Edelman Chicago names Jon Flannery chief creative officer
Edelman has nabbed another big creative hire, bringing Jon Flannery on as chief creative officer of its Chicago office, effective immediately.
Flannery, who will report to Edelman Chicago President Kevin Cook, joins from DDB Chicago, where he was an executive creative director. He says he parted ways with DDB—which recently announced Global CEO Wendy Clark would be leaving to take the helm of Dentsu Aegis Network—to take up this role two weeks ago, one week before the Omnicom Group agency underwent layoffs.
Flannery replaces former Edelman Chicago Chief Creative Officer Steve Slivka, who left for a new yet-to-be-announced opportunity earlier this month, according to a spokesperson for the communications firm.
"I've spent most of my professional career in Chicago, with the exception of some time spent in Toronto, and I've always been aware of Edelman," Flannery tells Ad Age. "I've actually worked with Edelman a few times. First and foremost, I always viewed them as a leading-edge communications firm. My interactions [with Edelman] have always been positive."
Flannery, a 25-year industry veteran, most recently led accounts like Capital One as executive creative director at DDB Chicago. Ad Age learned that DDB lost the Capital One account in January. Prior to DDB, Flannery served 10 years at FCB Chicago and Toronto, as executive creative director and chief creative officer, respectively.
At FCB, Flannery is credited with building a 120-person creative department and leading work like Kmart's 2013 popular yet sophomoric "Ship My Pants" campaign, and the retailer's follow-up, "Big Gas Savings," which surprisingly outperformed the first effort. As chief creative officer of FCB Toronto, a role he took in 2014, Flannery oversaw both the creative and production departments and led acclaimed work like the 2016 "Down Syndrome Answers" for the Canadian Down Syndrome Society, in which people with Down Syndrome answered some commonly searched questions on Google.
Flannery says Edelman particularly piqued his curiosity when industry vet Judy John joined in 2019 as its first global chief creative officer. Over the past few years, public relations firm Edelman has worked to strengthen its creative chops with hires like John, a driving force behind Always' #LikeAGirl campaign. Since then, the firm has gone on to develop marketing stunts like the experiential Taco Bell Hotel & Resort, earning it a spot on Ad Age's A-List Agencies to Watch for 2020.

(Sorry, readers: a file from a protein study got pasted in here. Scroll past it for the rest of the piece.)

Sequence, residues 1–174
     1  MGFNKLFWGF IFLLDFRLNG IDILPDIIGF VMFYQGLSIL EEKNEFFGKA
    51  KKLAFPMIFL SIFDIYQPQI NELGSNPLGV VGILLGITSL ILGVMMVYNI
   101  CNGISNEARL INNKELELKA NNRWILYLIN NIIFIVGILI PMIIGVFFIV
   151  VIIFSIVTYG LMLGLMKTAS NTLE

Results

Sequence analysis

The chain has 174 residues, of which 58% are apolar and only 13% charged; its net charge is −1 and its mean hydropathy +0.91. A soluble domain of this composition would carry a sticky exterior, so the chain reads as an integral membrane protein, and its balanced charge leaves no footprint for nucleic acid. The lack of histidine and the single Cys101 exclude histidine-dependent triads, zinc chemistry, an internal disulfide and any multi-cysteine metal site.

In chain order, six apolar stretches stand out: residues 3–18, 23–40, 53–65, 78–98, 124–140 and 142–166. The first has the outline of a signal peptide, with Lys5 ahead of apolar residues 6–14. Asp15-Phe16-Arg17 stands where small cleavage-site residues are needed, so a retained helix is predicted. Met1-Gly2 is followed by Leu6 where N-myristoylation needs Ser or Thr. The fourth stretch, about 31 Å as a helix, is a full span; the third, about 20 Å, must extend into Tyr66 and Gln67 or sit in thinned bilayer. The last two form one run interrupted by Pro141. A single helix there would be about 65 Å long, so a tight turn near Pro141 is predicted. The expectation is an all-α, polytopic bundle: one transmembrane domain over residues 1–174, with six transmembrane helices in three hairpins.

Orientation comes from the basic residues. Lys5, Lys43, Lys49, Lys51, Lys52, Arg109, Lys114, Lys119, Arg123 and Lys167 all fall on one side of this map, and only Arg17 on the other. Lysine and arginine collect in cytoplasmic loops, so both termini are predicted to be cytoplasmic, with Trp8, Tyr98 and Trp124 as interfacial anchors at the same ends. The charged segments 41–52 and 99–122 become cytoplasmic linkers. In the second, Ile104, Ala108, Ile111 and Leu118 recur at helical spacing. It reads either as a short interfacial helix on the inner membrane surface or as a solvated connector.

Flannery says he's "a big fan" of Edelman's work, like Taco Bell Hotel especially. He notes that he first reached out to John about her decision to join Edelman back in 2019, when she was hired.
"She told me about earned creative," Flannery says, recalling back to last year's talks. "Since, we've stayed in touch on and off. I've been really taken with the possibilities to create work through earned creative. I've been looking back at some of the best work I've done, like Kmart's 'Ship My Pants,' that have strong elements of earned creative in them."
John tells Ad Age that because "what we bring to the table at Edelman is so unique," she says she'll be looking to further strengthen the firm's creative chops with hires like Flannery "over time and when the environment is right."
Of course, many agencies have frozen most new hires due to the coronavirus pandemic having negative impacts on their businesses. Flannery says being onboarded remotely as a new hire certainly "is a first" but, because he was already working from home at DDB, he was able to adapt quickly to it. As chief creative officer, he will be leading a team in Chicago of between 35 and 40 people.
"We're all adapting, and it's a lesson for the industry on where we're going," he says. "We have to be adaptive. We cannot hold onto legacies. We cannot be bound by the way we used to do things. In many ways, that's metaphoric for why I'm joining Edelman."